I reassured her that her up-and-down thoughts were completely normal. In fact, she was expressing my current reality pretty darn perfectly. Except, instead of a breakup, I’ve been rocked by loss of a different kind: job, home, familiarity.
Life transitions have a way of shaking up your equilibrium like that, don’t they? They can make you feel like someone has suddenly cut the rope that tied your anchor down, and now you’re on a boat that you don’t know how to operate. The seas are having their way with you, and you feel like you’re at the mercy of whatever that day – that minute – has in store. Continue reading
I’ve learned a few things in my first month of marriage.
I know, I know. One month hardly seems like enough time for two newlyweds to come to any major conclusions about marriage. At least, not compared to couples like my parents who are coming up on 33 years of marriage this May (so grateful for them and their beautiful example of love!).
And yet, that paradox is part of what’s struck me this month: Marriage is at once a marathon and a sprint. It’s long – thank goodness, because we’re going to need all the time we can get to strengthen and enjoy these beautiful bonds that are forming – and it’s fast – so much has changed in such a short period of time. Continue reading
Tonight I watched the sunset from my bed. Curled up with my blue blanket and a mug of cinnamon tea, I was struck by how fast the colors changed and how quickly the dark clouds moved as they swept past the hills.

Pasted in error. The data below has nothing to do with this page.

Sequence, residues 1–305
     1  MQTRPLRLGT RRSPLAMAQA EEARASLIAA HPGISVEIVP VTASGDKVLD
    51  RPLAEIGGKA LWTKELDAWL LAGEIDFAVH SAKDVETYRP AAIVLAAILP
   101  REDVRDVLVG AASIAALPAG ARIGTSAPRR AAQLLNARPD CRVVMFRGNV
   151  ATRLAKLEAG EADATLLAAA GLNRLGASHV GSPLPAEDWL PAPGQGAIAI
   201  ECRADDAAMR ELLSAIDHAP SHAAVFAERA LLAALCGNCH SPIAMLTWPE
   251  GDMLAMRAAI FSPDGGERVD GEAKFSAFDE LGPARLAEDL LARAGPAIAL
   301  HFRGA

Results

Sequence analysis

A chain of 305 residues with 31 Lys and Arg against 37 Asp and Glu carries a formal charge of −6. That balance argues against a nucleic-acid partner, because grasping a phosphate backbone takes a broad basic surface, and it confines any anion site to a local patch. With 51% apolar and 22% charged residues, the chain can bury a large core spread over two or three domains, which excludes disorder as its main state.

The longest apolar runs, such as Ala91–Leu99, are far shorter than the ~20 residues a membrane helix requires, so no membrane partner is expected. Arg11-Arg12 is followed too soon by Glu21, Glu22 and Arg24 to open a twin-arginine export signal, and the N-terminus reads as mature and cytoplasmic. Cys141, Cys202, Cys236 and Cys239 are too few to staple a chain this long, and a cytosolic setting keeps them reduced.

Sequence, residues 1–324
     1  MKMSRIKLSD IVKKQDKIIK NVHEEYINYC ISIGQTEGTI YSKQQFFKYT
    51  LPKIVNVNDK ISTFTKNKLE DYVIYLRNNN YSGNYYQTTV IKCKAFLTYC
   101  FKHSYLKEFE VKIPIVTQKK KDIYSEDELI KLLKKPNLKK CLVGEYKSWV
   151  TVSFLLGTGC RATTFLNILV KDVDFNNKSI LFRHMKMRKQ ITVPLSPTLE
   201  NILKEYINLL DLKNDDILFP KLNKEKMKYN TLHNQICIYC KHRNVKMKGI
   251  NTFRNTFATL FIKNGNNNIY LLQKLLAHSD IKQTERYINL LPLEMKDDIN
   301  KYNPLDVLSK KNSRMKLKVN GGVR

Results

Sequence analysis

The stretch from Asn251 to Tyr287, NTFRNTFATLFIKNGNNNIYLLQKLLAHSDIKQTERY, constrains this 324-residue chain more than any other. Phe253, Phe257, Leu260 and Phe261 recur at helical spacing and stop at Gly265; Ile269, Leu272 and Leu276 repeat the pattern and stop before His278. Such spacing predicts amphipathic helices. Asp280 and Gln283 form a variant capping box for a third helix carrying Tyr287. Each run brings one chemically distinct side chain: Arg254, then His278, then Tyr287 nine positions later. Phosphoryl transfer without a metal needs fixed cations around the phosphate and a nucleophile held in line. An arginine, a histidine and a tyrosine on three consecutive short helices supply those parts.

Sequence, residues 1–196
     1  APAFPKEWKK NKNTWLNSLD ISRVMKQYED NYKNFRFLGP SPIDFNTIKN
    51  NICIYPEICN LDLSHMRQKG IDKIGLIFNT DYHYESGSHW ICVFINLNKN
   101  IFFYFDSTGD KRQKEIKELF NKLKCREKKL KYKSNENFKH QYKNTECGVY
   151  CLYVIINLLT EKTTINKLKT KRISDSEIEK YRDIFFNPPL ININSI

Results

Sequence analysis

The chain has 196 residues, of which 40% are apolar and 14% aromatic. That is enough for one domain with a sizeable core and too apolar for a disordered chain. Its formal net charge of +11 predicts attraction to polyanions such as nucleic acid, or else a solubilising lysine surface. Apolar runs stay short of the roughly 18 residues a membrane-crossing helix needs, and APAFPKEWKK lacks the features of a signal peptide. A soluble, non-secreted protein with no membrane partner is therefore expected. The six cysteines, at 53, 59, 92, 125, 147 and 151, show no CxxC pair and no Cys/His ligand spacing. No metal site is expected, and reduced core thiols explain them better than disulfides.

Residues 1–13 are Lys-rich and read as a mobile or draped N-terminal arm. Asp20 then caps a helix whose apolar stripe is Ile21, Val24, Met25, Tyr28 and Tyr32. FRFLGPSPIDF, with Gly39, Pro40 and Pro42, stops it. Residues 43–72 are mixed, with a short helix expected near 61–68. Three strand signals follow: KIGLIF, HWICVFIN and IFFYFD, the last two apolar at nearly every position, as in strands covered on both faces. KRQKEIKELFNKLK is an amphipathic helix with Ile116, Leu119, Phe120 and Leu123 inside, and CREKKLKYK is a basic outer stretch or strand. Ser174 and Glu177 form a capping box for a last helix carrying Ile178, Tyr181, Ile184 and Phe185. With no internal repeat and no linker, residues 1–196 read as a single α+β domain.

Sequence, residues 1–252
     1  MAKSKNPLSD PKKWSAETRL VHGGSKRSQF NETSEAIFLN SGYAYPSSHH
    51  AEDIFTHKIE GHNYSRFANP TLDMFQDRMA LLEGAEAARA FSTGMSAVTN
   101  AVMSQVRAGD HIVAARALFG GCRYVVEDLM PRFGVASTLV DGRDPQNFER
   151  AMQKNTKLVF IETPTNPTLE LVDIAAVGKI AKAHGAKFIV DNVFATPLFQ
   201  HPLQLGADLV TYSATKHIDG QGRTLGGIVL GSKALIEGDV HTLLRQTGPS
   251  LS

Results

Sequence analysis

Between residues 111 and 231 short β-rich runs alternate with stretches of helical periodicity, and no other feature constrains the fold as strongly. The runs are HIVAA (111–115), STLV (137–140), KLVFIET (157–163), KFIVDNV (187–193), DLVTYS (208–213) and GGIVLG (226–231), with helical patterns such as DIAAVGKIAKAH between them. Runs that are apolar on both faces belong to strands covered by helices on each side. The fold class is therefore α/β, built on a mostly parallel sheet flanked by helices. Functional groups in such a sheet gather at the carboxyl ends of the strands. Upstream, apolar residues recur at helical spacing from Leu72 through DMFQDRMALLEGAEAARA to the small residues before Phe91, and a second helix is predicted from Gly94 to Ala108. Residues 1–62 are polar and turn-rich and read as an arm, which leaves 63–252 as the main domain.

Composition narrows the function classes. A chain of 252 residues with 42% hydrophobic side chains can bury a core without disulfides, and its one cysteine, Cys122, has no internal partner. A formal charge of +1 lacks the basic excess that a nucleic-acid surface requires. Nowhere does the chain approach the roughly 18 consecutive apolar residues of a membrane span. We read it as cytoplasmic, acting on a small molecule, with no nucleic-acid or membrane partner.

It’s been remarkably stormy here in California. And while we need the rain after years of drought, it’s been devastating for some. Day after day, the rain has pounded on the roof of the little yellow house I call home in San Francisco…home for two more weeks before James and I tie the knot and move to Los Angeles.
The rain certainly hasn’t made this transition easy. As we’ve made Target runs for bubble wrap and packing tape and dashes to the car with boxes of Goodwill donations in tow, we’ve gotten more than just a little bit sprinkled on.
But the annoyance of having to manage moving logistics in the midst of one of the biggest storms we’ve seen in years is only part of my issue with this rain. The worst part is the darkness.
“Don’t let perfect be the enemy of good.”
We say that a lot around the office. Probably because we’re all a bunch of perfectionists brought together (strategically) for the common goal of creating something great. And we’re all constantly battling the desire to make something perfect – instead of just making something great.
Even with that statement, my bias reveals itself. Like so many others, I frequently buy into the idea that “great” is just that: great, but not perfect. And wouldn’t perfect be so much better?
Most companies are looking for people who won’t settle for less than the absolute best and who will work tirelessly to achieve greatness – both for the organization and for their own careers. And most people (if they’re honest) would really like perfect. Perfect is what many of us tell ourselves we should be.